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Biography & Abstract
Ben Waterhouse

Ben is a Professor of History at the University of North Carolina at Chapel Hill. His most recent book, One Day I’ll Work for Myself: The Dream and Delusion that Conquered America (2024), explores how so many Americans came to believe that self-employment was the key to personal fulfillment and national economic growth.

From Classroom to Boardroom: Education in the Entrepreneurial 1980s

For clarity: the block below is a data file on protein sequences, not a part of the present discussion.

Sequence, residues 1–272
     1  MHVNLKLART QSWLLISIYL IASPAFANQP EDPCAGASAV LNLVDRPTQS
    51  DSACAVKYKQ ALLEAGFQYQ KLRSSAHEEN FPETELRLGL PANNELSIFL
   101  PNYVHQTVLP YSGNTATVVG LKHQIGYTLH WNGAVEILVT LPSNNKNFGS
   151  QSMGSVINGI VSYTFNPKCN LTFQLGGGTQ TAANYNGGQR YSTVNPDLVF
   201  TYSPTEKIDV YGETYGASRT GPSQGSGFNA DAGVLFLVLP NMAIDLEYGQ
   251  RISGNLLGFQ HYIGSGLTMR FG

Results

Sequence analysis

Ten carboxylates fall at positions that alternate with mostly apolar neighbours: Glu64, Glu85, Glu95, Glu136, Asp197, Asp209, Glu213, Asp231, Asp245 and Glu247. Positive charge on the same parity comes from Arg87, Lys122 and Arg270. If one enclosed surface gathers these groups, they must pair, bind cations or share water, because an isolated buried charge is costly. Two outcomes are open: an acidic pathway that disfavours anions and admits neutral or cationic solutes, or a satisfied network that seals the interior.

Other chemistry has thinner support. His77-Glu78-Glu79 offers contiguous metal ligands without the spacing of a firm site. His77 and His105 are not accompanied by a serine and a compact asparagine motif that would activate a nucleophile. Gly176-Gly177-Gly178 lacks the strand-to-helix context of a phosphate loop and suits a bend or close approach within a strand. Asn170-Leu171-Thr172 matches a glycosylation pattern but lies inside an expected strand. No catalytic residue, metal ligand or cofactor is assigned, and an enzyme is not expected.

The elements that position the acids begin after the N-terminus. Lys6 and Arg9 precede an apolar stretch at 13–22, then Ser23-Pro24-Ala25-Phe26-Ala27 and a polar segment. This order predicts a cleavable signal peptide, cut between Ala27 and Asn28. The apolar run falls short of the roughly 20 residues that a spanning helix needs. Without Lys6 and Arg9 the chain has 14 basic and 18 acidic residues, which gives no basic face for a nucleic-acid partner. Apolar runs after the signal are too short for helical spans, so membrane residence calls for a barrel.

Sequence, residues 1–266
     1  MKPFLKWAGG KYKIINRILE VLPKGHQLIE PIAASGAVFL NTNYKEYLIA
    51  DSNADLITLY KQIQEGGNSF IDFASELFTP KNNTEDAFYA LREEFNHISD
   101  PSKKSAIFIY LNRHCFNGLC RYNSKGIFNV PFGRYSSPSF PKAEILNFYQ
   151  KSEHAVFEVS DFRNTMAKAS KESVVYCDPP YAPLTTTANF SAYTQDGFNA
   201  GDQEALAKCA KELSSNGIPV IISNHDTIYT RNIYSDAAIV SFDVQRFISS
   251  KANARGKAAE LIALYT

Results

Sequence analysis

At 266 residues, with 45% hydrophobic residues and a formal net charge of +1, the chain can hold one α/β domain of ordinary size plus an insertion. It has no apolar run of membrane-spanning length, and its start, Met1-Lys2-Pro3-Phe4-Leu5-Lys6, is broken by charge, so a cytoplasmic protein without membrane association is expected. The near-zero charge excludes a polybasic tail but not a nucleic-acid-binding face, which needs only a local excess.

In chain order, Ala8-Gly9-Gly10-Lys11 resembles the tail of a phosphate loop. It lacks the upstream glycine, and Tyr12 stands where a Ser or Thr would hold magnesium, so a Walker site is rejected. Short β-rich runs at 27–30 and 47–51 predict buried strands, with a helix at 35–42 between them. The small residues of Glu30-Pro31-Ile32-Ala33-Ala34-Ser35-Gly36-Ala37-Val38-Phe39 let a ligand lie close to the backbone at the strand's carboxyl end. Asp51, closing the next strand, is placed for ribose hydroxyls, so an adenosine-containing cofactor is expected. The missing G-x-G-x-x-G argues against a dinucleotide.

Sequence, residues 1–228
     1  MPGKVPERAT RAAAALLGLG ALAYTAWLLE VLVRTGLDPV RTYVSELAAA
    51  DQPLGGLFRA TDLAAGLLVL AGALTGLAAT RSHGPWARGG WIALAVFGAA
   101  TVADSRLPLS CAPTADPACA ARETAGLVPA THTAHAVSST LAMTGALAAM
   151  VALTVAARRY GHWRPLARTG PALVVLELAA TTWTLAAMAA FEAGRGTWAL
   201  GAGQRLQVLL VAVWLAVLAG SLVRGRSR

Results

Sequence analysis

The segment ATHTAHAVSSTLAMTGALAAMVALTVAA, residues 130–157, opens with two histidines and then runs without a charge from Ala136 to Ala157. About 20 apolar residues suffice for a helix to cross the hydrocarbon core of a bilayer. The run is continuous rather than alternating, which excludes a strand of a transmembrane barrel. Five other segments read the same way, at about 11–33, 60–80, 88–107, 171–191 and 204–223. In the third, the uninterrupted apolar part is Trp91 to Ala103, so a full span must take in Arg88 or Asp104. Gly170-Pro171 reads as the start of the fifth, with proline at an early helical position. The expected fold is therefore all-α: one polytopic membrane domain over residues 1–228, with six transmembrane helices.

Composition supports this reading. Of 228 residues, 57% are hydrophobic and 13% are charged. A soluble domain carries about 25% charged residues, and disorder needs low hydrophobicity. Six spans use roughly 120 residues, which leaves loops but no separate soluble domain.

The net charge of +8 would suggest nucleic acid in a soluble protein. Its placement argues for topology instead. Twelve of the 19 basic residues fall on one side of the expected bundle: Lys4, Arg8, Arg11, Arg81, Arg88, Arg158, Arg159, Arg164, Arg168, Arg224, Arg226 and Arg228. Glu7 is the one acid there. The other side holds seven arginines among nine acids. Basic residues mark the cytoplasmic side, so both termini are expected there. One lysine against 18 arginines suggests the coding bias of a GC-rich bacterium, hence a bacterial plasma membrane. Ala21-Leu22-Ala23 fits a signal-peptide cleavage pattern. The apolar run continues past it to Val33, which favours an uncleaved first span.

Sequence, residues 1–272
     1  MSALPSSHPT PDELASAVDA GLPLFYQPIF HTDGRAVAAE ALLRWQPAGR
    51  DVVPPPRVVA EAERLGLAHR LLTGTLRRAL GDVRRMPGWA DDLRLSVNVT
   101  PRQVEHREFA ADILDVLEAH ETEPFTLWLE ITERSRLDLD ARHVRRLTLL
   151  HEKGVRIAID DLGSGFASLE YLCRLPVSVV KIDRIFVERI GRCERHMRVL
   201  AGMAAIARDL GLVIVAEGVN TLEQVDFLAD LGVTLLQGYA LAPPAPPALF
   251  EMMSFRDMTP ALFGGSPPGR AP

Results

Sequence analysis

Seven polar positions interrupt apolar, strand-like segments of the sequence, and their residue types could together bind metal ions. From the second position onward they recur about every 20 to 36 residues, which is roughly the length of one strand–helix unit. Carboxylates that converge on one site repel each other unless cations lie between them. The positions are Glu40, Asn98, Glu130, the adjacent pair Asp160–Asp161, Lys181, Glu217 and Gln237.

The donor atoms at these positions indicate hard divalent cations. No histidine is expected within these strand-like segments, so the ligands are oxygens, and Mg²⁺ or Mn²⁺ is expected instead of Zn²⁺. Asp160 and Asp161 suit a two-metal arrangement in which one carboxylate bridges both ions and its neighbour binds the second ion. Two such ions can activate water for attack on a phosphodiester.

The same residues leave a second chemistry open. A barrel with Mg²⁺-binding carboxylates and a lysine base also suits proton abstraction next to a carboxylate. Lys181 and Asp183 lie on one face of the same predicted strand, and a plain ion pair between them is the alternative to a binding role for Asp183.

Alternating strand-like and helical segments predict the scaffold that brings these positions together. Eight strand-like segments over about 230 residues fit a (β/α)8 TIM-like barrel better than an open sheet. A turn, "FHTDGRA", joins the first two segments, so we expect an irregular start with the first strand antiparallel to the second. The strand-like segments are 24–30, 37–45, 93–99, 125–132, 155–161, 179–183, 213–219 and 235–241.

This paper draws on my recently published book, One Day I’ll Work for Myself: The Dream and Delusion that Conquered America, to explore the growing prominence of entrepreneurial ideology in American public life during the 1980s. In a decade defined by a roller coaster macro-economy—from the stagflationary crisis that began it to the long, volatile, and unequal bull market that followed—entrepreneurship and its attendant ideology took center stage. The national political conversation increasingly focused on young, dynamic, fast-growing firms that could supplant the “sclerotic” corporate dinosaurs of the post-war. “Bureaucratic” became a biting epithet, not only in corporate circles and in business school seminars, but also among the political activists at the helm of the so-called Reagan Revolution. This paper explores the intellectual and cultural appeal of this new fixation on entrepreneurship in a time of economic funk, from academia to policy circles. In particular, I trace the origins of a new business organization—the American Business Conference—which emerged as a self-styled political champion of high-growth, high-tech “entrepreneurial” companies, for whom it lobbied for lax regulations and lower taxes. It also shows that, despite the inherent appeal of that vision among Reagan conservatives, actually pursuing an “entrepreneurial agenda” proved more vexing than its boosters anticipated.

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